G7 members agree to work together to deal with Spain’s financing problems
The Group of Seven finance chiefs agreed in a teleconference call to work together to deal with the problems hitting Spain and Greece, Japanese Finance Minister Jun Azumi said on Tuesday.
Jun Azumi added that he had told his G7 counterparts that Japan was concerned about the impact on the domestic economy of the Yen's rise and falls in Japanese share prices.
He urged the G7 to reaffirm its agreement made last September that excessive currency swings hurt the economy and that they will cooperate as needed on foreign currencies.
Likewise G7 agreed to help Spain after Madrid claimed that credit markets were closing to the Euro zone's fourth biggest economy.
Treasury Minister Cristobal Montoro sent out the dramatic distress signal in a radio interview about the impact of his country's banking crisis on government borrowing, saying that at current rates, financial markets were effectively shut to Spain.
The risk premium says Spain doesn't have the market door open, Montoro said on Onda Cero radio. The risk premium says that as a state we have a problem in accessing markets, when we need to refinance our debt”.
Spain which enjoyed rapid growth after it joined the Euro at its launch in 1999 is beset by bank debts triggered by the bursting of a real estate bubble, aggravated by overspending by its autonomous regions.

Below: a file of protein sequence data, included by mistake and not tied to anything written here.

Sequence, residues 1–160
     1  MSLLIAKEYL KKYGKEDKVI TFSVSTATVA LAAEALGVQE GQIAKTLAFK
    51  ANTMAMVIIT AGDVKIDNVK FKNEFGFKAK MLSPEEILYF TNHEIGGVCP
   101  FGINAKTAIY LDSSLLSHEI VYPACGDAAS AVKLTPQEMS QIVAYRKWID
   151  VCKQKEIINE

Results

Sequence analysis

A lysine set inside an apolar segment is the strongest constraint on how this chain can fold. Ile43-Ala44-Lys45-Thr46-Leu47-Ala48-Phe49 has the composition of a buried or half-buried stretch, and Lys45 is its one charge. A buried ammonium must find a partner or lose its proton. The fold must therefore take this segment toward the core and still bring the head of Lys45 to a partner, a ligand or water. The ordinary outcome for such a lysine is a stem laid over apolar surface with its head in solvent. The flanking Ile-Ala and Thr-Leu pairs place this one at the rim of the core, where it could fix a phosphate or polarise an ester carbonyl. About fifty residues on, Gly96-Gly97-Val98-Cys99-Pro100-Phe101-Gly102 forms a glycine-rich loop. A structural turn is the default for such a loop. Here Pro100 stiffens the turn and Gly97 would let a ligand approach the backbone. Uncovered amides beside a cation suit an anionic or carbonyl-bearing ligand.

The risk premium investors demand to hold Spanish 10-year debt rather than the German equivalent hit a Euro era high of 548 basis points on concerns that Spain's fragile banking system and heavily indebted regions will eventually force it to seek a Greek-style bailout.
Montoro said Spanish banks should be recapitalized through European mechanisms, departing from the previous government line that Spain could raise the money on its own and prompting the Madrid stock market to rise.
The European Central Bank holds its monthly rate-setting meeting on Wednesday and European Union leaders meet on June 28-29 to discuss their strategy for overcoming the two-year-old crisis which has already seen Greece, Ireland and Portugal forced to accept international bailouts.
Investors have fled peripheral Euro zone sovereign debt for the relative safe haven of German Bunds and US and British government bonds amid worries about Spain's banking crisis and fears that a June 17 Greek election could lead to Athens leaving the Euro, setting off a wave of contagion around the euro area.
Spain will test the market on Thursday by issuing between 1.24 billion and 2.48 billion dollars in medium- and long-term bonds at auction.
Emilio Botin, chairman of the nation's biggest bank, Banco Santander admitted Spanish banks needed about 40 billion Euros in additional capital, adding that there is no financial crisis in Spain. Montoro said the figures were perfectly accessible”.